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The Old Masters and Their Pictures - For the Use of Schools and Learners in Art

142 pages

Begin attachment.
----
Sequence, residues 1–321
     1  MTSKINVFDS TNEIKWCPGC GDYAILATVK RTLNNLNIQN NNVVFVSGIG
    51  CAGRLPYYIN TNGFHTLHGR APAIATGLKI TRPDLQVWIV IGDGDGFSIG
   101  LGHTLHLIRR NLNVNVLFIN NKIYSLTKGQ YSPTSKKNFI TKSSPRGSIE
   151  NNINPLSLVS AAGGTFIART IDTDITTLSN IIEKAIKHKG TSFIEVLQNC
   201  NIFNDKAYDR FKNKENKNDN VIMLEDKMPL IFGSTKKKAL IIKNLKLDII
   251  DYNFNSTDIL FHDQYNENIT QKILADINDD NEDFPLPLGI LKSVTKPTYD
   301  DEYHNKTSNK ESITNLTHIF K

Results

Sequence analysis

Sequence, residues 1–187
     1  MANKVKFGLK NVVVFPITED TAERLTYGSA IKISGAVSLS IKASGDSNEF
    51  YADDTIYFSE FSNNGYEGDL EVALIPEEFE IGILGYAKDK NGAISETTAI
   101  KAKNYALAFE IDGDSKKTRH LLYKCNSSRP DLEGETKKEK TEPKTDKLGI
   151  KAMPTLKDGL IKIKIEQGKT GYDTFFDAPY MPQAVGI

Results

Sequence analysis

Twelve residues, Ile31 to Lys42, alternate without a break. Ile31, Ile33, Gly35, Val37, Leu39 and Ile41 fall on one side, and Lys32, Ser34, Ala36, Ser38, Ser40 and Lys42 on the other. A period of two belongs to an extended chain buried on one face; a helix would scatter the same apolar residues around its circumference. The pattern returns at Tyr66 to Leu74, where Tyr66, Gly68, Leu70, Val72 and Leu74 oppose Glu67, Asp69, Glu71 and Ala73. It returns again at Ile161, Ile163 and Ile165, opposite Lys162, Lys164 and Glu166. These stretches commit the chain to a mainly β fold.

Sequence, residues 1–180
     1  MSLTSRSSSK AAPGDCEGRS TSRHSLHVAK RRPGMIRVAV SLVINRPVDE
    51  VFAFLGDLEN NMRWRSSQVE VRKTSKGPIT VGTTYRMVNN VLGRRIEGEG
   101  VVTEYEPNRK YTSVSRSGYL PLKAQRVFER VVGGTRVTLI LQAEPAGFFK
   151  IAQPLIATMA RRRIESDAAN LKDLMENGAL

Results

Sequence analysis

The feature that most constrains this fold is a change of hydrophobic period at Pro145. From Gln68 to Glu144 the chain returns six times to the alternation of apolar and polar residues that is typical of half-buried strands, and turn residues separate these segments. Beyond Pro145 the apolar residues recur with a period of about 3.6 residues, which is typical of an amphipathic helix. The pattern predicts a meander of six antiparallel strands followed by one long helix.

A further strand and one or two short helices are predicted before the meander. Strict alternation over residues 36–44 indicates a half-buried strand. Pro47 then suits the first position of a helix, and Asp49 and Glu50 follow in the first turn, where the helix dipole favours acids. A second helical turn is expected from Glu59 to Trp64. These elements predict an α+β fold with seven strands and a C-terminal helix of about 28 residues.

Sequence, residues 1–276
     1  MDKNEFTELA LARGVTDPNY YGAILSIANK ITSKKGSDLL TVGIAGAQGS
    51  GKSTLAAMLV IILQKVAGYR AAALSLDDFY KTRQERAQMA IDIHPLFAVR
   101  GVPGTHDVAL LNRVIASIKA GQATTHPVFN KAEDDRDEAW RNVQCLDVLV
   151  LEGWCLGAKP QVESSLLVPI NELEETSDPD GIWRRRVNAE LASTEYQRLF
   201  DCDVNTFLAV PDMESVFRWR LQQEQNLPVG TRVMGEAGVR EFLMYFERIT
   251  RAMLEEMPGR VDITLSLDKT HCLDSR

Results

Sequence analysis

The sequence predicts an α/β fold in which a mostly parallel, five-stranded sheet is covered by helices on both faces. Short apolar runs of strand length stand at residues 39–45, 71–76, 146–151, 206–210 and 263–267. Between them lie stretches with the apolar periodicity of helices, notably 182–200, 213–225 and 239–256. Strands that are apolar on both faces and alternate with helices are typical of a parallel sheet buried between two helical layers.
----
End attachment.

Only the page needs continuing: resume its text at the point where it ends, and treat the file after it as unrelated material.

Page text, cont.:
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Project Gutenberg's The Old Masters and Their Pictures, by Sarah Tytler This eBook is for the use of anyone anywhere at no cost and with almost no restrictions whatsoever. You may copy it, give it away or re-use it under the terms of the Project Gutenberg License included with this eBook or online at Title: The Old Masters and Their Pictures For the Use of Schools and Learners in Art Author: Sarah Tytler Release Date: November 19, 2006 [EBook #19863] Language: English Character set encoding: ISO-8859-1 *** START OF THIS PROJECT GUTENBERG EBOOK THE OLD MASTERS AND THEIR PICTURES *** Produced by Peter Yearsley, Ted Garvin and the Online Distributed Proofreaders Europe at THE OLD MASTERS AND THEIR PICTURES For the Use of Schools and Learners in Art BY SARAH TYTLER AUTHOR OF "PAPERS FOR THOUGHTFUL GIRLS" ETC. NEW AND ENLARGED EDITION LONDON ISBISTER AND COMPANY LIMITED 15 & 16 TAVISTOCK STREET COVENT GARDEN 1893 [The Right of Translation is Reserved ] LONDON: PRINTED BY J.S. VIRTUE AND CO., LIMITED, CITY ROAD. PREFACE TO FIRST EDITION. I wish to say, in a very few words, that this book is intended to be a simple account of the great Old Masters in painting of every age and country, with descriptions of their most famous works, for the use of learners and outsiders in art. The book is not, and could not well be, exhaustive in its nature. I have avoided definitions of schools, considering that these should form a later and more elaborate portion of art education, and preferring to group my 'painters' according to what I hold to be the primitive arrangements of time, country, and rank in art. PREFACE TO NEW EDITION. The restrictions with regard to space under which the little volume called "The Old Masters" was originally written, caused me to omit, to my regret, many names great, though not first, in art. The circulation which the book has attained induces me to do what I can to remedy the defect, and render the volume more useful by adding two chapters—the one on Italian and the other on German, Dutch, and Flemish masters. These chapters consist almost entirely of condensed notes taken from two trustworthy sources, to which I have been already much indebted—Sir C, and Lady Eastlake's version of Kugler's "Handbook of Italian Art," and Dr. Waagen's "Handbook,"—remodelled from Kugler—of German, Dutch, and Flemish art, revised by J.A. Crowe. I have purposely given numerous records of those Dutch painters whose art has been specially popular in England and who are in some cases better represented in our country than in their own. CONTENTS. CHAPTER I. EARLY ITALIAN ART—GIOTTO, 1276-1337—ANDREA PISANO, 1280-1345—ORCAGNA, 1315-1376—GHIBERTI, 1381-1455 —MASACCIO, 1402-1428 OR 1429—FRA ANGELICO, 1387-1455 1 CHAPTER II. EARLY FLEMISH ART—THE VAN EYCKS, 1366-1442 —MABUSE, ABOUT 1470-1532—MEMLING, ABOUT 1478-1499—QUINTIN MATSYS, 1460-1530 OR 31 41 CHAPTER III. IN EARLY SCHOOLS OF ITALIAN ART—THE BELLINI, 1422- 1512—MANTEGNA, 1431-1506—GHIRLANDAJO, 1449-1498—IL FRANCIA, 1450-1518—FRA BARTOLOMMEO, 1469-1517—ANDREA DEL SARTO, 1488-1530 53 CHAPTER IV. LIONARDO DA VINCI. 1452-1519—MICHAEL ANGELO, 14751564—RAPHAEL, 1483-1520—TITIAN, 1477-1566 83 CHAPTER V. GERMAN ART—ALBRECHT DÜRER, 1471-1528 169 CHAPTER VI. LATER ITALIAN ART—GIORGIONE, — C O R R E G G I O , ABOUT 1493-1534—TINTORETTO, —VERONESE, 1530-1588 181 1477-1511 1512-1594 CHAPTER VII. CARRACCI, 1555-1609—GUIDO RENI, 1575-1642 —DOMENICHINO, 1581-1641—SALVATOR ROSA, 1615-1673 212 CHAPTER VIII. LATER FLEMISH ART—RUBENS, 1577-1640 —REMBRANDT, 1606 OR 1608-1669—TENIERS, FATHER AND SON, 1582-1694—WOUVERMAN, 1620-1668—CUYP, 1605; STILL LIVING, 1638 —PAUL POTTER, 1625-1654—CORNELIUS DE HEEM, 1630 225 CHAPTER IX. SPANISH ART—VELASQUEZ, 1599-1660—MURILLO, 16181682 260 CHAPTER X. FRENCH ART—NICOLAS POUSSIN, 1594-1665—CLAUDE LORRAINE, 1600-1682—CHARLES LE BRUN, 1619-1690—WATTEAU, 1684-1721—GREUZE, 1726-1805 286 CHAPTER XI. FOREIGN ARTISTS IN ENGLAND—HOLBEIN, 1494-1543 —VAN DYCK, 1599-1641—LELY, 1618-1680—CANALETTO, 1697-1768 —KNELLER, 1646-1723 309 CHAPTER XII. ITALIAN MASTERS FROM THE FOURTEENTH TO THE SEVENTEENTH CENTURIES—TADDEO GADDI, 1300, SUPPOSED TO HAVE DIED 1366—FRA FILIPPO, 1412-1469—BENOZZO GOZZOLI, 14241496—LUCA SIGNORELLI, 1441, SUPPOSED TO HAVE DIED ABOUT 1524 —BOTTICELLI, 1447-1515—PERUGINO, 1446-1522—CARPACCIO, DATE AND PLACE OF BIRTH AND DEATH UNKNOWN—CRIVELLI, FILIPPINO LIPI, EARLIER THAN 1460—ANTONELLA DA MESSINA, BELIEVED TO HAVE DIED AT VENICE, 1416—GAROPALO, 1481-1559—LUINI, DATE OF BIRTH UNKNOWN, SUPPOSED TO HAVE DIED ABOUT 1530—PALMA, ABOUT 1480-1528—PARDENONE, 1483-1538—LO SPAGNA, DATE OF BIRTH UNKNOWN, 1533—GIULIO ROMANO, 1492-1546—PARIS BORDONE, 1500-1570—IL PARMIGIANINO, 1503-1540—BAROCCIO, 15281612—CARAVAGGIO, 1569-1609—LO SPAGNOLETTO, 1593-1656 —GUERCINO, 1592-1666—ALBANO, 1578-1660—SASSOFERRATO, 16051615—VASARI, 1512-1574—SOFONISBA ANGUISCIOLA, 1535, ABOUT 1626—LAVINIA FONTANA, 1552-1614 364 CHAPTER XIII. GERMAN, FLEMISH, AND DUTCH ARTISTS FROM THE FIFTEENTH TO THE EIGHTEENTH CENTURY—VAN DER WEYDEN, A CONTEMPORARY OF THE VAN EYCKS, 1366-1442—VAN LEYDEN, 14941533—VAN SOMER, 1570-1624—SNYDERS, 1579-1657—G. HONTHORST, 1592-1662—JAN STEEN, 1626-1679—GERARD DOW, 1613-1680—DE HOOCH, DATES OF BIRTH AND DEATH UNKNOWN—VAN OSTADE, 1610-1685—MAAS, 1632-1693—METZU, 1615. STILL ALIVE IN 1667 —TERBURG, 1608-1681—NETCHER, 1639-1684—BOL, 1611-1680—VAN DER HELST, 1613-1670—RUYSDAEL, 1625 (?)-1682—HOBBEMA, 16381709—BERCHEM, 1620-1683—BOTH 1600 (?)-1650(?) DU JARDIN, 16251678—ADRIAN VAN DE VELDE, 1639-1672—VAN DER HEYDEN, 16371712—DE WITTE, 1607-1692—VAN DER NEER, 1619 (?)-1683—WILLIAM VAN DE VELDE, THE YOUNGER, 1633-1707—BACKHUYSEN, 1631-1708 —VAN DE CAPELLA, ABOUT 1653—HONDECOETER, 1636-1695—JAN WEENIX, 1644-1719—PATER SEGERS, 1590-1661—VAN HUYSUM, 16821749—VAN DER WERFF, 1659-1722—MENGS, 1728-1774 391 INDEX. THE OLD MASTERS AND THEIR PICTURES. CHAPTER I. EARLY ITALIAN ART—GIOTTO, 1276-1337—ANDREA PISANO. 1280-1345 —ORCAGNA, 1315-1376 GHIBERTI, 1381-1455—MASACCIO, 1402-1428 OR 1429—FRA ANGELICO, 1387-1455. A pencil and paper, a box of colours, and a scrap-book, form so often a child's favourite toys that one might expect that a very large portion of men and women would prove painters. But, as we grow in years and knowledge, the discrepancy between nature and our attempts to copy nature, strike us more and more, until we turn in dissatisfaction and disgust from the vain effort. There was only one old woman in an Esquimaux tribe who could be called forward to draw with a stick on the sand a sufficiently graphic likeness of the Erebus and the Terror. It is only a few groups of men belonging to different countries, throughout the centuries, who have been able to give us paintings to which we turn in wonder and admiration, and say that these are in their degree fair exponents of nature. The old painter's half-haughty, half-humble protest was true—it is 'God Almighty,' who in raising here and there men above their fellows, 'makes painters.' But let us be thankful that the old propensity to delight in a facsimile, or in an idealized version of nature, survives in the very common satisfaction and joy —whether cultivated or uncultivated—- derived from looking at pictures, thinking over their details, striving to understand the meaning of the painters, and proceeding farther to consider the lives and times which throw light on works of genius. Music itself is not more universally and gladly listened and responded to, than pictures are looked at and remembered. Thus I have no fear of failing to interest you, my readers, in my subject if I can only treat it sympathetically,—enter at a humble distance into the spirit of the painters and of their paintings, and place before you some of the paintings by reverent and loving word-painting such as others have achieved, and such as I may strive to attain to, that you may be in a sort early familiar with these paintings, before you see them in engravings and photographs, and on canvas and in fresco, as I trust you may be privileged to see many of them, when you may hail them not only for what they are, the glories of art, but for what they have been to you in thoughts of beauty and high desires. Of the old Greek paintings, of which there are left isolated specimens dug up in Herculaneum and Pompeii, I cannot afford to say anything, and of the more modern Greek art which was spread over Europe after the fall of Constantinople I need only write a few words. While Greece was to Europe the birthplace of painting as of other arts, that Greek painting which illustrated early Christianity, was painting in its decline and decay, borrowing not only superstitious conventionalities, but barbaric attributes of gilding and blazoning to hide its infirmity and poverty. Virgins of the same weak and meaningless type, between attenuated saints or angels, and doll-like child-Christs in the one invariable attitude holding up two fingers of a baby hand to bless the spectator and worshippers, were for ever repeated. In a similar manner the instances of rude or meagre contemporary paintings with which the early Christians adorned their places of worship and the sepulchres of their dead in the basilicas and catacombs of Rome, are very curious and interesting for their antiquity and their associations, and as illustrations of faith; but they present no intrinsic beauty or worth. They are not only clumsy and childish designs ill executed, but they are rendered unintelligible to all save the initiated in such hieroglyphics, by offering an elaborate ground-work of type, antitype, and symbol, on which the artist probably spent a large part of his strength. Lambs and lilies, serpents, vines, fishes, dolphins, phœnixes, cocks, anchors, and javelins played nearly as conspicuous a part in this art as did the dead believer, or his or her patron saint, who might have been supposed to form the principal figure in the picture. Italian art existed in these small beginnings, in the gorgeous but quaintly formal or fantastic devices of illuminated missals, and in the stiff spasmodic efforts of here and there an artist spirit such as the old Florentine Cimabue's, when a great man heralded a great epoch. But first I should like to mention the means by which art then worked. Painting on board and on plastered walls, the second styled painting in fresco, preceded painting on canvas. Colours were mixed with water or with size, egg, or fig-juice—the latter practices termed tempera (in English in distemper) before oil was used to mix colours. But painters did not confine themselves then to painting with pencil or brush, else they might have attained technical excellence sooner. It has been well said that the poems of the middle ages were written in stone; so the earlier painters painted in stone, in that mosaic work which one of them called—referring to its durability—'painting for eternity;' and in metals. Many of them were the sons of jewellers or jewellers themselves; they worked in iron as well as in gold and silver, and they were sculptors and architects as well as painters; engineers also, so far as engineering in the construction of roads, bridges, and canals, was known in those days. The Greek knowledge of anatomy was well-nigh lost, so that drawing was incorrect and form bad. The idea of showing degrees of distance, and the management of light and shade, were feebly developed. Even the fore-shortening of figures was so difficult to the old Italian painters that they could not carry it into the extremities, and men and women seem as though standing on the points of their toes. Landscape-painting did not exist farther than that a rock or a bush, or a few blue lines, with fishes out of proportion prominently interposed, indicated, as on the old stage, that a desert, a forest, or a sea, was to play its part in the story of the picture. So also portraitpainting was not thought of, unless it occurred in the likeness of a great man belonging to the time and place of the painter, who was the donor of some picture to chapel or monastery, or of the painter himself, alike introduced into sacred groups and scenes; for pictures were uniformly of a religious character, until a little later, when they merged into allegorical representations, just as one remembers that miracle plays passed into moral plays before ordinary human life was reproduced. Until this period, what we call dramatic expression in making a striking situation, or even in bringing the look of joy or sorrow, pleasure or pain, into a face, had hardly been attained. Perhaps you will ask, what merit had the old paintings of the middle ages to compensate for so many great disadvantages and incongruities? Certainly before the time I have reached, they have, with rare exceptions, little merit, save that fascination of pathos, half-comic, half-tragic, which belongs to the struggling dawn of all great endeavours, and especially of all endeavours in art. But just at this epoch, art, in one man, took a great stride, began, as I shall try to show, to exert an influence so true, deep, and high that it extends, in the noblest forms, to the present day, and much more than compensates to the thoughtful and poetic for a protracted train of technical blunders and deficiencies. Giotto, known also as Magister Joctus, was born in 1276 near Florence. I dare say many have heard one legend of him, and I mean to tell the legends of the painters, because even when they are most doubtful they give the most striking indications of the times and the light in which painters and their paintings were regarded by the world of artists, and by the world at large; but so far as I have heard this legend of Giotto has not been disproven. The only objection which can be urged against it, is that it is found preserved in various countries, of very different individuals—a crowning objection also to the legend of William Tell. Giotto was a shepherd boy keeping his father's sheep and amusing himself by drawing with chalk on a stone the favourites of the flock, when his drawings attracted the attention of a traveller passing from the heights into the valley. This traveller was the well-born and highly-esteemed painter Cimabue, who was so delighted with the little lad's rough outlines, that getting the consent of Giotto's father, Cimabue adopted the boy, carried him off to the city of Florence, introduced him to his studio, and so far as man could supplement the work of God, made a painter of the youthful genius. I may add here a later legend of Giotto. Pope Boniface VIII, requested specimens of skill from various artists with the view to the appointment of a painter to decorate St Peter's. Giotto, either in impatient disdain, or to show a careless triumph of skill, with one flourish of his hand, without the aid of compass, executed a perfect circle in red chalk, and sent the circle as his contribution to the specimens required by the Pope. The audacious specimen was accepted as the most conclusive, Giotto was chosen as the Pope's painter for the occasion, and from the incident arose the Italian proverb 'round as the o of Giotto.' Giotto was the friend of Dante, Petrarch, and Boccaccio, especially of Dante, to whom the grandeur of some of the painter's designs has been vaguely enough attributed. The poet of the 'Inferno' wrote of his friend: '—— Cimabue thought To lord it over painting's field; and now The cry is Giotto's, and his name eclipsed.' Petrarch bequeathed in his will a Madonna by Giotto and mentioned it as a rare treasure of art. Boccaccio wrote a merry anecdote of his comrade the painter's wit, in the course of which he referred with notable plain-speaking to Giotto's 'flat currish' plainness of face. The impression handed down of Giotto's character is that of an independent, high-spirited man, full of invention, full of imagination, and also, by a precious combination, full of shrewdness and common sense; a man genial, given to repartee, and at the same time not deficient in the tact which deprives repartee of its sting. While he was working to King Robert of Naples, the king, who was watching the painter on a very hot day, said, with a shrug, 'If I were you, Giotto, I would leave off work and rest myself this fine day, 'And so would I, sire, if I were you,' replied the wag. I need scarcely add that Giotto was a man highly esteemed and very prosperous in his day; one account reports him as the head of a family and the father of four sons and four daughters. I have purposely written first of the fame, the reputed character, and the circumstances of Giotto before I proceed to his work. This great work was, in brief, to breathe into painting the living soul which had till then—in mediæval times—been largely absent. Giotto went to Nature for his inspiration, and not content with the immense innovation of superseding by the actual representation of men and women in outline, tint, and attitude, the rigid traditions of his predecessors, he put men's passions in their faces—the melancholy looked sad, the gay glad. This result, to us so simple, filled Giotto's lively countrymen, who had seldom seen it, with astonishment and delight. They cried out as at a marvel when he made the commonest deed even coarsely life-like, as in the case of a sailor in a boat, who turned round with his hand before his face and spat into the sea; and when he illustrated the deed with the corresponding expression, as in the thrill of eagerness that perceptibly pervaded the whole figure of a thirsty man who stooped down to drink. But Giotto was no mere realist though he was a great realist; he was also in the highest light an idealist. His sense of harmony and beauty was true and noble; he rose above the real into 'the things unseen and eternal,' of which the real is but a rough manifestation. He was the first to paint a crucifixion robbed of the horrible triumph of physical power, and of the agony which is at its bidding, and invested with the divinity of awe and love. Giotto's work did not end with himself; he was the founder of the earliest worthy school of Italian art, so worthy in this very glorious idealism, that, as I have already said, the men whose praise is most to be coveted, have learned to turn back to Giotto and his immediate successors, and, forgetting and forgiving all their ignorance, crudeness, quaintness, to dwell never wearied, and extol without measure these oldest masters' dignity of spirit, the earnestness of their originality, the solemnity and heedfulness of their labour. It would seem as if skill and polish, with the amount of attention which they appropriate, with their elevation of manner over matter, and thence their lowered standard, are apt to rob from or blur in men these highest qualifications of genius, for it is true that judges miss even in the Lionardo, Michael Angelo, and Raphael of a later and much more accomplished generation, and, to a far greater extent, in the Rubens of another and still later day, the perfect simplicity, the unalloyed fervour, the purity of tenderness in Giotto, Orcagna, Fra Angelico, and in their Flemish brethren, the Van Eycks and Mabuse. The difference between the two classes of painters in not so wide as that between the smooth and brilliant epigrammatic poets of Anne's and the ruggedly rich dramatists of Elizabeth's reign, neither was there the unmistakable preponderance of such a mighty genius as that of Shakespeare granted to the first decade, still the distinction was the same in kind. 1 I wish you, my readers, to note it in the very commencement, and to learn, like the thoughtful students of painting, to put aside any half-childish over-estimate of the absurdity of a blue stroke transfixing a huge flounder-like fish as a likeness of a sea, (which you have been accustomed to see translucid, in breakers and foam, in modern marine pictures,) or your quick sense of the ugliness of straight figures with long hands, wooden feet, and clinging draperies, while your eyes have been familiar with well-modelled frames and limbs and flowing lines. But we must look deeper if we would not be slaves to superficial prettiness, or even superficial correctness; we must try to go into the spirit of a painting and value it more in proportion as it teaches art's noblest lesson—the divinity of the divine, the serenity of utmost strength, the singleheartedness of passion. I have only space to tell you of three or four of the famous works of Giotto. First, his allegories in the great church, in honour of St Francis, at Assisi, in relation to which, writing of its German architect, an author says: 'He built boldly against the mountain, piling one church upon another; the upper vast, lofty, and admitting through its broad windows the bright rays of the sun: the lower as if in the bowels of the earth—low, solemn, and almost shutting out the light of day. Around the lofty edifice grew the convent, a vast building, resting upon a long line of arches clinging to the hill-sides. As the evening draws nigh, casting its deep shadows across the valley, the traveller beneath gazes upwards with feelings of wonder and delight at this graceful arcade supporting the massy convent; the ancient towers and walls of the silent town gathering around, and the purple rocks rising high above—all still glowing in the lingering sunbeams —a scene scarcely to be surpassed in any clime for its sublime beauty.' The upper church contains frescoes wonderfully fresh, by Cimabue, of Scriptural subjects, and frescoes of scenes from the life vowed to poverty of St Francis. In the lower church, over the tomb of St Francis, are the four master-pieces with which we have to do. These are the three vows of the order figuratively represented. Mark the fitness and grandeur of two of the figures, the suggestion of which has been attributed to Dante, the woman Chastity seated beyond assault in her rocky fortress, and Obedience bowing the neck to curb and yoke. The fourth fresco pictures the saint who died, 'covered by another's cloak cast over his wasted body eaten with sores,' enthroned and glorified amidst the host of Heaven. I have chosen the second example of the art of Giotto because you may with comparative ease see it for yourselves. It is in the National Gallery, London, having belonged to the collection of the late Samuel Rogers. It is a fragment of an old fresco which had been part of a series illustrating the life of John the Baptist in the church of the Carmine, Florence, a church which was destroyed by fire in 1771. The fragment in the National Gallery has two fine heads of apostles bending sorrowfully over the body of St John. Though it is not necessary to do it, in strict justice, because good work rises superior to all accidents of comparison as well as accidents of circumstance, one must remember in regarding this, the stilted and frozen figures and faces, which, before Giotto broke their bonds and inspired them, had professed to tell the Bible's stories. The third instance I have chosen to quote is Giotto's portrait of Dante which was so strangely lost for many years. The portrait occurs in a painting, the first recorded performance of Giotto's, in which he was said to have introduced the likeness of many of his contemporaries, on the wall of the Palazzo dell' Podestà or Council Chamber of Florence. During the banishment of Dante the wall was plastered or white-washed over, through the influence of his enemies, and though believed to exist, the picture was hidden down to 1840, when, after various futile efforts to recover it, the figures were again brought to light. This portrait of Dante is altogether removed from the later portraits of the indignant and weary man, of whom the Italian market-women said that he had been in Hell as well as in exile. Giotto's Dante on the walls of the Council Chamber is a noble young man of thirty, full of ambitious hope and early distinction. The face is slightly pointed, with broad forehead, hazel eyes, straight brows and nose, mouth and chin a little projecting. The close cloak or vest with sleeves, and cap in folds hanging down on the shoulder, the hand holding the triple fruit, in prognostication of the harvest of virtue and renown which was to be so bitter as well as so glorious, are all in keeping and have a majesty of their own. The picture is probably known by engravings to many of my readers. The last example of Giotto's, is the one which of all his works is most potent and patent in its beauty, and has struck, and, in so far as we can tell, will for ages strike, with its greatness multitudes of widely different degrees of cultivation whose intellectual capacity is as far apart as their critical faculty. I mean the matchless Campanile or bell-tower 'towering over the Dome of Brunelleschi' at Florence, formed of coloured marbles—for which Giotto framed the designs, and even executed with his own hands the models for the sculpture. With this lovely sight Dean Alford's description is more in keeping than the prosaic saying of Charles V., that 'the Campanile ought to be kept under glass.' Dean Alford's enthusiasm thus expresses itself: 'A mass of varied light written on the cloudless sky of unfathomed blue; varied but blended, as never in any other building that we had seen; the warm yellow of the lighter marbles separated but not disunited by the ever-recurring bands of dark; or glowing into red where the kisses of the sun had been hottest; or fading again into white where the shadows mostly haunted, or where the renovating hand had been waging conflict with decay.' It is known that Giotto, together with his friend Dante, died before this—Giotto's last great work—was finally constructed by Giotto's pupil, Taddeo Gaddi, and that therefore neither of the friends could have really looked on 'Giotto's Tower,' though Italian Ciceroni point out, and strangers love to contemplate, the very stone on which 'Grim Dante' sat and gazed with admiration in the calm light of evening on the enduring memorial of the painter. Giotto died in the year 1336 or 1337, his biographer adds, 'no less a good Christian than an excellent painter,' and in token of his faith he painted one crucifixion in which he introduced his own figure 'kneeling in an attitude of deep devotion and contrition at the foot of the Cross.' The good taste of such an act has been questioned, so has been the practice which painted the Virgin Mother now as a brown Italian, now as a red and white Fleming, and again as a flaxenhaired German or as a swarthy Spaniard, and draped her and all the minor figures in the grandest drama the world ever saw—as well as the characters in older Scripture histories, in the Florentine, Venetian, and Antwerp fashions of the day. The defence of the practice is, that the Bible is for universal time, that its Virgin Mother, its apostles and saints, were types of other mothers and of other heroes running down the stream of history; that even the one central and holy figure, if He may be represented at all, as the Divine brother of all humanity, may be clad not inaptly in the garments of all. It appears to me that there is reason in this answer, and that viewed in its light the criticism which constantly demands historic fidelity is both carping and narrow. I do not mean, however, to underrate historic accuracy in itself, or to depreciate that longing for completeness in every particular, which drives our modern painters to the East to study patiently for months the aspects of nature under its Oriental climate, with its peculiar people and animals, its ancient costumes and architecture. Giotto was buried with suitable honours by a city which, like the rest of the nation, has magnified its painters amongst its great men, in the church of Santa Maria del Fiore, where his master Cimabue had been buried. Lorenzo de' Medici afterwards placed over Giotto's tomb his effigy in marble. In chronicling ancient art I must here diverge a little. I have already mentioned how closely painting was in the beginning allied with working in metals as well as with sculpture and architecture. It is thus necessary to write of a magnificent work in metal, the study and admiration of generations of painters, begun in the life of Giotto, and completed in two divisions, extending over a period of nearly a hundred years. We shall proceed to deal with the first division, and recur to the second a little later. Let me first say a word to explain the extent of the treasures of art in the old Italian cities. They were then the great merchant cities of the world, more or less republican in their constitution. They stood to the citizens, who rarely left their walls, at once as peculiar possessions and as native countries rather than as cities alone, while they excited all the patriotism, pride, and love that were elsewhere expended on a whole country—which after all was held as belonging largely to its king and nobles. The old Italian merchant guilds, and wealthy merchants as individuals, vied with each other in signalizing their good citizenship by presenting—as gifts identified with their names—to their cities, those palace buildings, chapels, paintings, gates, which are the delight of the world to this day. It was a merchant guild which thought happily of giving to Florence the bronze gates to the baptistery of San Giovanni or St John the Baptist, attached to the Cathedral. After some competition the gates were intrusted to Andrea Pisano, one of a great group of painters, sculptors, and architects linked together and named, as so often happened in Italy, for their place of birth, Pisa. Andrea executed a series of beautiful reliefs from the life of John the Baptist, which were cast in 1330, gilt, and placed in the centre doorway. I shall leave the rest of the gates, still more exquisitely wrought, till their proper time, only observing that the Pisani group of carvers and founders are supposed to have attained their extraordinary superiority in skill and grace,